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The return of Goat Simulator

I absolutely hate Goat Simulator.

I find the graphics ugly, glazed in an unexplained Matrix-green sheen with pop-up aplenty. The physics are all over the place, which isn’t a great combination with controls that are less responsive than I would like. Both rob me of the precision needed to reach some of the trophies hidden around the level, or make it nigh on impossible to tick off items from the checklist of tricks the game challenges me to perform. There is little to no variety across the NPCs, there’s inconsistency with what you can and can’t interact with, and the elevator music that passes for a soundtrack does little to endear me to the experience.

Also, there are so, so many bugs. Bugs and glitches galore. In fact, the game’s Steam page proudly declares there are “MILLIONS OF BUGS” because the team decided to “only eliminate the crash-bugs, everything else is hilarious and we’re keeping it.”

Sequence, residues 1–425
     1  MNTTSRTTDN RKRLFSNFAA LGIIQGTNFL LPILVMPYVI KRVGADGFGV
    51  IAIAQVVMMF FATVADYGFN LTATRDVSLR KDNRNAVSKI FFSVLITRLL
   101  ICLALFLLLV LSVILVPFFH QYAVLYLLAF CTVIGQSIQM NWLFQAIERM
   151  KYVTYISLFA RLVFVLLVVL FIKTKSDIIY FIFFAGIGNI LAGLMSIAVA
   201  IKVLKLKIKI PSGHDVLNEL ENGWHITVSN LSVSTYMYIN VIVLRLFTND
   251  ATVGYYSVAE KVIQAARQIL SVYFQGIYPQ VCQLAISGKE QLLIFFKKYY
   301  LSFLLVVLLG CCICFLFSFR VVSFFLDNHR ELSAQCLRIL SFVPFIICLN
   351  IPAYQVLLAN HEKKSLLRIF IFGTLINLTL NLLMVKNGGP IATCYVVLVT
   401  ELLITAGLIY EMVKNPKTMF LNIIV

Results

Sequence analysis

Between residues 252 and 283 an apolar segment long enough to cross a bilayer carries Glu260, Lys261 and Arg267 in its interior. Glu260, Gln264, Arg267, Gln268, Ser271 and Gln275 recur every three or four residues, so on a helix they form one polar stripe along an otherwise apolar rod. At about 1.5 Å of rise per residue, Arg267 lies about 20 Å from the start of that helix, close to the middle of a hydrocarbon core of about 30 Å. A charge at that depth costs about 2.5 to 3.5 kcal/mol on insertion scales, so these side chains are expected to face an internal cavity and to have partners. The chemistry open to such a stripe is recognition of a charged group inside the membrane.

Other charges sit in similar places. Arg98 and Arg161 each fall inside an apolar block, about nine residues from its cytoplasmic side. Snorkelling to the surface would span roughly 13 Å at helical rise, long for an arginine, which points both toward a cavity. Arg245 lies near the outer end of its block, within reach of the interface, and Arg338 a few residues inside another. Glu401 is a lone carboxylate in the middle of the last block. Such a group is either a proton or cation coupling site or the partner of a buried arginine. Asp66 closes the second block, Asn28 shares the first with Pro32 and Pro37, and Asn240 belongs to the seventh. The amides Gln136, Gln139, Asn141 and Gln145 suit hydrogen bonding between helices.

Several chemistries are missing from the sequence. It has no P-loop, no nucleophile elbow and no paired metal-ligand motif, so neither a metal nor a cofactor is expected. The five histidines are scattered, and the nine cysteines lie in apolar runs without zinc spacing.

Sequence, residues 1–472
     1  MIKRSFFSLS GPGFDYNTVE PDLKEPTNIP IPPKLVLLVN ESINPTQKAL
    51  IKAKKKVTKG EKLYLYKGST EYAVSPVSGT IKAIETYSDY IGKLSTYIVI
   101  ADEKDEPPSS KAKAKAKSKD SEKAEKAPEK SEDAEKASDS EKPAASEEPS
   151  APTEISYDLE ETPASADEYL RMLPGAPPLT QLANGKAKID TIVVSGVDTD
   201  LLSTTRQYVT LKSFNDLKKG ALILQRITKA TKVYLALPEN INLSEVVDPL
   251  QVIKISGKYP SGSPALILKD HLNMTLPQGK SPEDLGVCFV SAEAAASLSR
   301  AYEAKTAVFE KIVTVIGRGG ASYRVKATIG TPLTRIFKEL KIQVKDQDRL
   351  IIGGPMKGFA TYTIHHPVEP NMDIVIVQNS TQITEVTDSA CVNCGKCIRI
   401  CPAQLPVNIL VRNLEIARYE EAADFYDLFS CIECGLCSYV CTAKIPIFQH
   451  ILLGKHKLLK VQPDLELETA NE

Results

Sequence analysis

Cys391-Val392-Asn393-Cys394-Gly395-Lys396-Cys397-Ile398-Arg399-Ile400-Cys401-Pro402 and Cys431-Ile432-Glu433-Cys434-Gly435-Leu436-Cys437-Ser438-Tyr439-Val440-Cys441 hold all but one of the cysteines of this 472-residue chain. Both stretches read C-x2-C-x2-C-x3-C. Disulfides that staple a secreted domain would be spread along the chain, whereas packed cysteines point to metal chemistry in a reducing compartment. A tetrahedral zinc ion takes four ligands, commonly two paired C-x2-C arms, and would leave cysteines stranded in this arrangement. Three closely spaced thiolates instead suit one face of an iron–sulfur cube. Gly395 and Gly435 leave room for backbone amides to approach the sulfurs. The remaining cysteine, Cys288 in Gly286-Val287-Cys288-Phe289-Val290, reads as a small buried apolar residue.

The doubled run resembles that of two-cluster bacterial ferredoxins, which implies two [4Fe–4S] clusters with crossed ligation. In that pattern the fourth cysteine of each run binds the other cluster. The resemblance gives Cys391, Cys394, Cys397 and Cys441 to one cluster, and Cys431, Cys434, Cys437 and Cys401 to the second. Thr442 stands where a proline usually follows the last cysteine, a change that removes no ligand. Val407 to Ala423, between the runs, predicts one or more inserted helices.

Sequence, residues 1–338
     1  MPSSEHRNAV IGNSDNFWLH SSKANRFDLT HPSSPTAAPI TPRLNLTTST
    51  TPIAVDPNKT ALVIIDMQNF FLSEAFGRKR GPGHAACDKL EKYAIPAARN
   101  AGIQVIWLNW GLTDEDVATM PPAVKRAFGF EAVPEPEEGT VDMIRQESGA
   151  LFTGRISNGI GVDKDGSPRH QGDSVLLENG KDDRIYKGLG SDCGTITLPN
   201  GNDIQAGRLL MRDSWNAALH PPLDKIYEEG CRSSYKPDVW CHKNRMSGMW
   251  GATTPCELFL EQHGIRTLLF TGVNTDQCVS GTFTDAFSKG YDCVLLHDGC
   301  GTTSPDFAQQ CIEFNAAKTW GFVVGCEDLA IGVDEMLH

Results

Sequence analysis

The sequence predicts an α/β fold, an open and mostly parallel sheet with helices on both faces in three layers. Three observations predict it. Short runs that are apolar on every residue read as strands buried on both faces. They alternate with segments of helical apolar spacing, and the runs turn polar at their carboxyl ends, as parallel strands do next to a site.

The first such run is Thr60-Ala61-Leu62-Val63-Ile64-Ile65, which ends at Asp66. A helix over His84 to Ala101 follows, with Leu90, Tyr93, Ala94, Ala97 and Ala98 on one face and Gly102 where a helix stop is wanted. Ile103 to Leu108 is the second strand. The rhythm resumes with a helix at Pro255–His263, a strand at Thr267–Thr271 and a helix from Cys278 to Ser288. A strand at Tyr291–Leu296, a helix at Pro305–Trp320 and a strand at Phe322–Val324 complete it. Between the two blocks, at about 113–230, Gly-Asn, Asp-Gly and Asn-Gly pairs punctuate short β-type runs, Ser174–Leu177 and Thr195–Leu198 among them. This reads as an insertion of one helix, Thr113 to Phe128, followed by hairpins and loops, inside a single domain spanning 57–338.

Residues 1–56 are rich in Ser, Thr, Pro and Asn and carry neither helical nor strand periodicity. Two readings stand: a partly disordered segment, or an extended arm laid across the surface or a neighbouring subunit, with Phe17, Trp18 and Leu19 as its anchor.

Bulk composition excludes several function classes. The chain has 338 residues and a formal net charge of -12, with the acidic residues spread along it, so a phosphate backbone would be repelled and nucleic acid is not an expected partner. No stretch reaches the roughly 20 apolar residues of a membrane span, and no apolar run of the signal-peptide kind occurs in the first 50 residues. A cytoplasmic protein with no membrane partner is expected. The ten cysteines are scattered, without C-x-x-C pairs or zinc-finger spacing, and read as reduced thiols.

That hasn’t stopped Goat Simulator becoming a smash hit. Launched in April 2014 and developed by Coffee Stain Studios, it had sold more than 2.5 million copies and generated over $12 million in revenue by 2016. And, most frustratingly of all, it’s given my six-year-old son more hours of entertainment than any other game (including titles I’ve personally enjoyed far more than this one and have used in a vain attempt to lure him away from goat-based shenanigans).

Today, the sequel – Goat Simulator 3 – launches for PC, PlayStation 5 and Xbox Series X|S. It swaps the original’s handful of sandbox levels for a single open world, focuses on four-player co-op, and adds new mechanics like Tony Hawk’s-style grinding and GTA-style driving (yes, goats can drive cars now).

“What we’ve done for the sandbox is we spent a lot of time building upon the systems within the world, and for them to interact with each other, and with everything that you do,” Coffee Stain North CEO Sebastian Eriksson tells “We’ve made it much easier to have fun in the sandbox, and to get crazy results.

“I think in the first game, you had to work a little bit more for it. The NPCs, for example, had their paths that they walked on, or they stood there, just doing one thing. Now, everything is much more reactive and smarter, and the world is much more fragile.”